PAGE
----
Siemens bags another offshore wind project

Industrial giant wins 7th offshore job in Germany alone, a 288-MW North Sea wind farm providing electricity for 300,000 homes. Siemens says offshore will grow. Another move away from nuclear.
Written by Mark Halper, Contributor
Siemens wind turbines in the Baltic Sea between Sweden and Denmark.

Reaffirming its move away from nuclear power, Siemens AG has won another order to build a large offshore wind farm in Germany.

The German industrial giant announced that it will build a 288-megawatt facility in the North Sea for German utility E.ON. The wind farm's 80 turbines will provide electricity for about 300,000 households when it goes online in 2015, Siemens said in a recent press release.

The win marks Siemens 7th offshore wind project in Germany, where it has installed 1.6 gigawatts of offshore wind capacity - larger than a typical nuclear station.

Siemens is steadily building up a strong presence in renewable energy - primarily wind and also solar - as it moves away from nuclear in lock step with the German government's decision to abandon nuclear power. It is also charging ahead in the natural gas business, and counts improved-efficiency gas turbines among its environmental portfolio.

“Our offshore technology will play a substantial role in building up a clean electricity supply in Germany," Felix Ferlemann, CEO of Siemens Energy’s Wind Power Division, said in the press release.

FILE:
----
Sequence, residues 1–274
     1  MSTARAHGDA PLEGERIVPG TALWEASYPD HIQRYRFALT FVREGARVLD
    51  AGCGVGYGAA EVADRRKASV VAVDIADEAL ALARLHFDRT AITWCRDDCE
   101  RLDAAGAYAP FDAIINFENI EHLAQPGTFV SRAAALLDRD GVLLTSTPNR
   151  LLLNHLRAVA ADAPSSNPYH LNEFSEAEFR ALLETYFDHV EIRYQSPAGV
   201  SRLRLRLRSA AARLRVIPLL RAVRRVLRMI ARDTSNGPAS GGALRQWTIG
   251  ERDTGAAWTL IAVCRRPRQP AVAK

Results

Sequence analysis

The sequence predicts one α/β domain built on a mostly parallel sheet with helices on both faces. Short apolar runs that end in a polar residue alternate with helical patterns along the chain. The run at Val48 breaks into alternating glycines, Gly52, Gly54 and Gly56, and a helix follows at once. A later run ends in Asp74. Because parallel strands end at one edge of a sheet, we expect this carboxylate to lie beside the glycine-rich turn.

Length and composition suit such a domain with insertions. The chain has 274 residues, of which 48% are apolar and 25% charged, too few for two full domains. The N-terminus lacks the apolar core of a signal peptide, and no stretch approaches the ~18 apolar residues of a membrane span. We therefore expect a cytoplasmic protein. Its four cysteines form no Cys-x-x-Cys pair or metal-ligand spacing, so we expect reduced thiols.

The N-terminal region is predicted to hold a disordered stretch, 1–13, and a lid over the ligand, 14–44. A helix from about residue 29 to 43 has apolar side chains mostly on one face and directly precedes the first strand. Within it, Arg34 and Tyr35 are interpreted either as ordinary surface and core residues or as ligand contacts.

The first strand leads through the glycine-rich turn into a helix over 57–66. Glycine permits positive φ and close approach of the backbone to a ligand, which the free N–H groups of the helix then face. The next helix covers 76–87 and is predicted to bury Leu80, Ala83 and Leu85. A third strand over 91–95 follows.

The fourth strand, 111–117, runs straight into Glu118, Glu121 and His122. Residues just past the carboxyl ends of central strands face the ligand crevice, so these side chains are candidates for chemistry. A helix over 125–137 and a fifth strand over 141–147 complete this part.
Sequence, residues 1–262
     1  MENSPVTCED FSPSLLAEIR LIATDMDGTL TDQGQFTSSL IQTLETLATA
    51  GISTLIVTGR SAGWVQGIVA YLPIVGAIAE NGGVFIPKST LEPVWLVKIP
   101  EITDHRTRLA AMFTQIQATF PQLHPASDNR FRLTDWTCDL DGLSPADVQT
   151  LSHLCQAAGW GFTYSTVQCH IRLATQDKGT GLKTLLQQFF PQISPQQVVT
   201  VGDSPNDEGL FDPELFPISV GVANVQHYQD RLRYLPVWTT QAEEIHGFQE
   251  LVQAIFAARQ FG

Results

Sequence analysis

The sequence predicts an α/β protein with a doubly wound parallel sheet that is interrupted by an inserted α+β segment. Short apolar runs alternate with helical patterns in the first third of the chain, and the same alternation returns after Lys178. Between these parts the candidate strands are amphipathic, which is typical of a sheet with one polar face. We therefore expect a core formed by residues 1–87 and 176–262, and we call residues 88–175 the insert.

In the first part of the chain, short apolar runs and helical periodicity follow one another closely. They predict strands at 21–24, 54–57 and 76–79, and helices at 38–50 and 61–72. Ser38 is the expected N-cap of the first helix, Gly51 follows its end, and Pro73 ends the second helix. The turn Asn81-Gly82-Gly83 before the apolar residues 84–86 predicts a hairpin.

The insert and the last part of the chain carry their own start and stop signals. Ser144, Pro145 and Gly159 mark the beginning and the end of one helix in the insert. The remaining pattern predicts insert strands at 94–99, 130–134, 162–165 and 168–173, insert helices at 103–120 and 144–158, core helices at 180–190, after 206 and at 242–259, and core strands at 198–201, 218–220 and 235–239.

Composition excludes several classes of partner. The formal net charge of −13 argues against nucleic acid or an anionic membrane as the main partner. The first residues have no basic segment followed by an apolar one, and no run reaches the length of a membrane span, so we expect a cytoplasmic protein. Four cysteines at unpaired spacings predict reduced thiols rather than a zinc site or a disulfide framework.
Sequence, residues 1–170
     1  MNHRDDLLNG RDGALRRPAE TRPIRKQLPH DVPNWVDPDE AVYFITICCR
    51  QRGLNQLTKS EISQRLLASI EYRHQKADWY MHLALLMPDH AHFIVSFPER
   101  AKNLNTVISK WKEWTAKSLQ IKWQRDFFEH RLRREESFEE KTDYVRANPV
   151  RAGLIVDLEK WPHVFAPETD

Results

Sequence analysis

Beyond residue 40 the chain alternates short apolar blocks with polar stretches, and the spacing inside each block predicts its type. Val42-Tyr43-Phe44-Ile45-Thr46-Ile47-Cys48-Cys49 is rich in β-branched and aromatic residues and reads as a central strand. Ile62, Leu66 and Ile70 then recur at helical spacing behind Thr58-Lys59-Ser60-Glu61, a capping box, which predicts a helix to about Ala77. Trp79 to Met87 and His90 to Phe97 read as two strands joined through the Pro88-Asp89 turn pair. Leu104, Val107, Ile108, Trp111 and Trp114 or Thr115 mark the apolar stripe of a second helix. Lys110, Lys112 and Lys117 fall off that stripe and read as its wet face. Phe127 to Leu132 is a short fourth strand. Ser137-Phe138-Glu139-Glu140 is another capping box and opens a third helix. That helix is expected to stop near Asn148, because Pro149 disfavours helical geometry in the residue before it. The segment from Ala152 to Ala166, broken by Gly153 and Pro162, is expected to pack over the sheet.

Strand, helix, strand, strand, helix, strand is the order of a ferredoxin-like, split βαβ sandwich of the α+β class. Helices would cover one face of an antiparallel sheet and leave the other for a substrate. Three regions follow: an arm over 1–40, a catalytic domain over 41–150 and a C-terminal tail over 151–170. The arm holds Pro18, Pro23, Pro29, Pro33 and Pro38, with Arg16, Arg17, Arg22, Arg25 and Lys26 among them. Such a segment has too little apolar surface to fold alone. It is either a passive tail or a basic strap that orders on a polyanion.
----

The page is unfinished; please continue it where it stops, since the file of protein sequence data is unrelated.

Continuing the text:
Siemens is also installing  offshore wind turbines in other countries, such as at the London Array project in the Thames Estuary, which would be the world's largest offshore wind farm at 1 gigawatts. Part of that project is under threat from an environmental review.

Siemens anticipates that offshore wind will account for 20 percent of the wind market in 5 years. Europe will have an installed offshore wind capacity of 80 GW by 2030,  equal to about half the current capacity of all German power plants, Siemens says.

Photo: Siemens

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This post was originally published on Smartplanet.com

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